Obstacles On The Path To Self-Management
Becoming a self-organized/self-managed organization can be fun. You experiment, you learn, you celebrate what works. And you are noticed by other companies, family and friends. You may even attract new colleagues and see the current ones thrive.
But not everything is rosy. There are quite a few hurdles. Hopefully, this article will help so that...
- You see them coming.
- You know you’re not the first to experience them.
- You are more likely to persist when frustrated.
When you take up the journey to become a self-managed organization, you will face more than a few problems and pitfalls—that’s just an unavoidable truth, but it’s part of the journey regardless. Based on my own experience and talking to different organizations trying the same stuff, the common hurdles tend to be:
The Model Death Stare
You start with a tool or model that gets you on the way. Things change in the organization. Despite doubts you persevere. You learn that some practices/models are like training wheels. At some point you have to get off. Don't overfocus on the model.
The Wrong Reasons
Doing things for wrong reasons is unlikely to work. An example is cutting costs by firing middle-management because your competitors did. People sense these things and won’t co-operate. Or you implement something that others are doing without a deep understanding of the mechanisms yourself. This is a formula for failure. Don't blame self-organization or self-management for your failures.
Return of the CEO
Sometimes the CEO or manager has trouble letting go when things don't go smoothly as before. This can undermine the process. It might even collapse if belief is eroded. Ricardo Semler said something like: “You have a gun with one bullet. If shot, you must start all over again with no way to fire another.” CEOs/managers need to be coached not to step in from their former place of authority. But they can step in as peers, remembering their words will count because of their place in the hierarchy.
Sometimes leaders step too far back. They believe 'the team' has to do ‘it’ and forget they are part of the team. Stepping back creates distance. It suggests “I'm different from you, on another level”. And this while you are trying to close the gap. If you are the most knowledgeable person on a subject, it's imperative you share your insights.
Being Too Equal
Another problem is mistaking self-organization or self-management for a leaderless organization. This can mean some important things are not addressed, like explaining the vision or goals because we are all equal now. No, we are not. Some are more equal than others. Some have more leadership talent. Some are good at making decisions. Just be sure to involve others.
Some people, internal and external, won't get what you are trying to do. They might suggest you don’t proceed, or express skepticism. These can include friends, family, customers or suppliers. It may be hard to explain what you are doing.
It's even harder for colleagues who didn’t initiate the change to self-organization. They need things explained, too. Some will still resist. But it’s not wise to waste too much energy. Putting energy into persuasion might even spread negativity. Focus on the ambassadors. The sceptics will eventually join in, or leave.
Are you ready for more revolutionary content?
Regression to the Mean
During these steps, remember you're still in current organizational norms, and an outlier. You may feel the pull to regress to the 'normal' again. The pull comes from colleagues, the outside world and even yourself. Resist. And repeat why you are doing what you are doing. It all takes time to settle.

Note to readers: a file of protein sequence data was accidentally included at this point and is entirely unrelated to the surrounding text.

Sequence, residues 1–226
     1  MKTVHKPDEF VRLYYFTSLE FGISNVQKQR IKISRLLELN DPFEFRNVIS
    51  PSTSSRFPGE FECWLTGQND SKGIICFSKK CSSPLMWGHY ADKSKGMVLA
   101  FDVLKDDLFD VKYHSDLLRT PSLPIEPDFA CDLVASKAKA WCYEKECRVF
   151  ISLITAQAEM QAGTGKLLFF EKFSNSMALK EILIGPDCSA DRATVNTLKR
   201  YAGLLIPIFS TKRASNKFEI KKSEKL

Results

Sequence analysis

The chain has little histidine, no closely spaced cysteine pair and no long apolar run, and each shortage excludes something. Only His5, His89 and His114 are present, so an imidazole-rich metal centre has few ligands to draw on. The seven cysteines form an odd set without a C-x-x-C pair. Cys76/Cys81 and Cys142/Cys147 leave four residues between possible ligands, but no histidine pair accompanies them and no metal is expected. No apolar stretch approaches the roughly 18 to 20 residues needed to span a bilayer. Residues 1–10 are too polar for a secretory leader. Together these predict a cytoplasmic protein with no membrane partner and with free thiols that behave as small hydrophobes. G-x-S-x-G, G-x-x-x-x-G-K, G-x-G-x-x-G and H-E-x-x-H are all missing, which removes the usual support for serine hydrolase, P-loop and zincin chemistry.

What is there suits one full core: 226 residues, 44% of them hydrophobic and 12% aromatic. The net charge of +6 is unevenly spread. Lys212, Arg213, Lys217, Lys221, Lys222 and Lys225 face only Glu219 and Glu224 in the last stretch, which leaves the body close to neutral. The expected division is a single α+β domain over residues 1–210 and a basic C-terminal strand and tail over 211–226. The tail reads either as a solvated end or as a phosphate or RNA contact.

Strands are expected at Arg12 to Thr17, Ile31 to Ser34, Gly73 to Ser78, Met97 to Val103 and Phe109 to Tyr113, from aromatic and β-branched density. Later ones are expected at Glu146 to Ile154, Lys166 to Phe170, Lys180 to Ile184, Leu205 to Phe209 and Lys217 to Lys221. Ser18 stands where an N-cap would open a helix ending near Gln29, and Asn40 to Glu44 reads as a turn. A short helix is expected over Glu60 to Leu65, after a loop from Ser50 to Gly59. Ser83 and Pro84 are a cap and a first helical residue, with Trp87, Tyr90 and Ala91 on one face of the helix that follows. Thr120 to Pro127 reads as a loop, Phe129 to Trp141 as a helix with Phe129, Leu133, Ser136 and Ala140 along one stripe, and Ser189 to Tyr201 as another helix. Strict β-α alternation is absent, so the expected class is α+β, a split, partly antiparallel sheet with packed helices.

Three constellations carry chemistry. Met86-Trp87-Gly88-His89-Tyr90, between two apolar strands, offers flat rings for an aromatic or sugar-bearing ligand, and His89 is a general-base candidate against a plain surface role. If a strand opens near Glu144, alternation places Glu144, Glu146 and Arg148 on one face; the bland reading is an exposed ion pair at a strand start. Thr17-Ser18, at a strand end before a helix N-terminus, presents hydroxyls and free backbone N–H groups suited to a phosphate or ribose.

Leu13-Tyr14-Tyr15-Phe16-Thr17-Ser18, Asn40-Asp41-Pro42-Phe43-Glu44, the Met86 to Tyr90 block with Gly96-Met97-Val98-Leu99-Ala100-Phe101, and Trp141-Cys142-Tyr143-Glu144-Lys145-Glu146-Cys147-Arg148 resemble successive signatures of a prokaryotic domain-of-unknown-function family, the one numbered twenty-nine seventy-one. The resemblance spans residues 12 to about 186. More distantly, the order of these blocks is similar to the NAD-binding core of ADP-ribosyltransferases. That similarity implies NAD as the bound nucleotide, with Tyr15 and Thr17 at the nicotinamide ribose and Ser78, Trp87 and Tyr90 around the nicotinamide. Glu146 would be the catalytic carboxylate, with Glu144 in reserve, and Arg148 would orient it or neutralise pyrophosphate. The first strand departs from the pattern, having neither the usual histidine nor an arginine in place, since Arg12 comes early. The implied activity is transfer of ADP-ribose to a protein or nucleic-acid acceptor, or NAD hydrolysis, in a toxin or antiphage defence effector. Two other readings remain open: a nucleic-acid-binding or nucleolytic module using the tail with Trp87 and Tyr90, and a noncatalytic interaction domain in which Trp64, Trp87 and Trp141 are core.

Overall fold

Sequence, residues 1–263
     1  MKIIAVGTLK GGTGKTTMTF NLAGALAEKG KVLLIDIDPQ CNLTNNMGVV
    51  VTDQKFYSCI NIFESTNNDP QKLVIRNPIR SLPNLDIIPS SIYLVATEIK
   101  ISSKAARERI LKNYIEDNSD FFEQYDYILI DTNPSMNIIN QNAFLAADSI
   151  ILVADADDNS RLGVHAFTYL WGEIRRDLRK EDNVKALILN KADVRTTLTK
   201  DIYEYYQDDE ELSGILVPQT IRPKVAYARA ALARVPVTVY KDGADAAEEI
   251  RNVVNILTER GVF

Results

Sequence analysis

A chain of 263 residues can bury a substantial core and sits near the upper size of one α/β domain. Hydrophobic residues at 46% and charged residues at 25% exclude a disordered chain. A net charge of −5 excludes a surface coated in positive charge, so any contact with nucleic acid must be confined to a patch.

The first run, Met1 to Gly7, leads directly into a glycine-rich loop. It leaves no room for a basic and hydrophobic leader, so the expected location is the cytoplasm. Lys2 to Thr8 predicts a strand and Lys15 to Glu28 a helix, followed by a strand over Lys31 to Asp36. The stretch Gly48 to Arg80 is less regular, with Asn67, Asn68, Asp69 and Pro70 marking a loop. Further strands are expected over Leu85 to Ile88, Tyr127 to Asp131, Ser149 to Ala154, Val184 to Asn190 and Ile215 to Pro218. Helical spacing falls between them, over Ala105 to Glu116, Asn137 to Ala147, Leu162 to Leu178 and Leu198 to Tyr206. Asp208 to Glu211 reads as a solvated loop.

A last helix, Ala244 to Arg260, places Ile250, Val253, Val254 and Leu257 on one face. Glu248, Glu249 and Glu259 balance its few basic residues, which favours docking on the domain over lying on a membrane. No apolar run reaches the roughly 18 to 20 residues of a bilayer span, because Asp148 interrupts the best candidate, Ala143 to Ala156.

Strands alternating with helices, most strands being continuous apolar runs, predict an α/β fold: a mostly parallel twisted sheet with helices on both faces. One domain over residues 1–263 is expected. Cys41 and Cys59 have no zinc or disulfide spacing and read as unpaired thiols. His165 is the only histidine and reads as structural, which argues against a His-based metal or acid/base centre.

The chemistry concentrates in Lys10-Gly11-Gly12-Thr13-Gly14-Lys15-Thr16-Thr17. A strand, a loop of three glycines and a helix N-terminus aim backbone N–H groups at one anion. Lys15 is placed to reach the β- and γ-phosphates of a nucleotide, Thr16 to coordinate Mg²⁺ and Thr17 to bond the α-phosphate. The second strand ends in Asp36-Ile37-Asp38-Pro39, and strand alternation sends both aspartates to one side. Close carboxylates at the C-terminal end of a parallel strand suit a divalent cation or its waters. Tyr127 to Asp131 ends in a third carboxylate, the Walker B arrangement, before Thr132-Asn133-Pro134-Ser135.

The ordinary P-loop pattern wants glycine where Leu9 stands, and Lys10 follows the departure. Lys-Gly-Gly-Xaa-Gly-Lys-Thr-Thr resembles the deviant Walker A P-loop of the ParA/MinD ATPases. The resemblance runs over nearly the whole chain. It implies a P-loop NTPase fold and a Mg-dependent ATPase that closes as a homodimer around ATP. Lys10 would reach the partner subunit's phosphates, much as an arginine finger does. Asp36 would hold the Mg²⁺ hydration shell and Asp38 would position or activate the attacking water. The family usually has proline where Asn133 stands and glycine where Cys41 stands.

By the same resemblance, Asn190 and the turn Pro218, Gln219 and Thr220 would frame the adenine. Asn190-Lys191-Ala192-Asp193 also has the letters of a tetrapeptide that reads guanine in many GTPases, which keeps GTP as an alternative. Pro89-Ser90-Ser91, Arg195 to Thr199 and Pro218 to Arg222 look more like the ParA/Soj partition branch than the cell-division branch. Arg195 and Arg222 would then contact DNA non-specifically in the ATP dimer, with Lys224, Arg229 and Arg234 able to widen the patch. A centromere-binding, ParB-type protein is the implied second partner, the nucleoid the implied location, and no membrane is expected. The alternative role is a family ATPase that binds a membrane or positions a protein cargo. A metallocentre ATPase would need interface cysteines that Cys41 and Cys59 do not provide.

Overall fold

You'll have (or hire) people not suited for these practices. You hope they will come along. Some won't. Don't be afraid to say goodbye, even if they are skilled and capable. When structures change, cultures change. If they no longer fit, it's not helping.
Failing to Understand
Some will misinterpret how self-organizing practices work. They may go too far, or not far enough. It takes time for new mindsets to settle. You can't explain something just once and hope it sticks. Repeat, repeat, and coach along the way.
Too Many Damn Opinions
More opinions may emerge as decisions become distributed, Or, in a consent decision process, some are overwhelmed by the choices and avoid participation. Maybe they fear stepping on other people’s toes. It helps to coach on ideas like 'good enough for now’, ‘safe enough to try' and the fact that ‘you can't please all’.
Washing the Dishes
Responsibility can become diffused for common, non-defined tasks. Take a stupid example like washing the dishes. These still need to be done. Some natural leaders may take responsibility initially. Unless others follow this example, they might say “It's someone else's turn now”. What if no one responds? Someone must take the initiative.
Forgetting the Core Business
Later in the process, you’ll get attention from the outside world. And some of those who launched the changes think of teaching others how to do the same. This can launch a side business of preaching the gospel of self-organization. This is awesome. But taken too far, it can impede the core business focus. And when markets change, the backbone of your business might be neglected. Don't ignore the core business.
The Change Addiction
Models of change and self-organization can become the goal rather than the means. It's so exciting, you can lose track of why you wanted it. Remember it's a means to an end. If you forget the real goal, people will fall off the wagon because they don't like change for change’s sake.
This list is not exhaustive. There must be other common problems out there. If you share them, we can all learn. For now, the above are some to keep in mind. I hope they help.
Don't let these challenges discourage you from moving your organization forward.
You can overcome them too.
Many others have!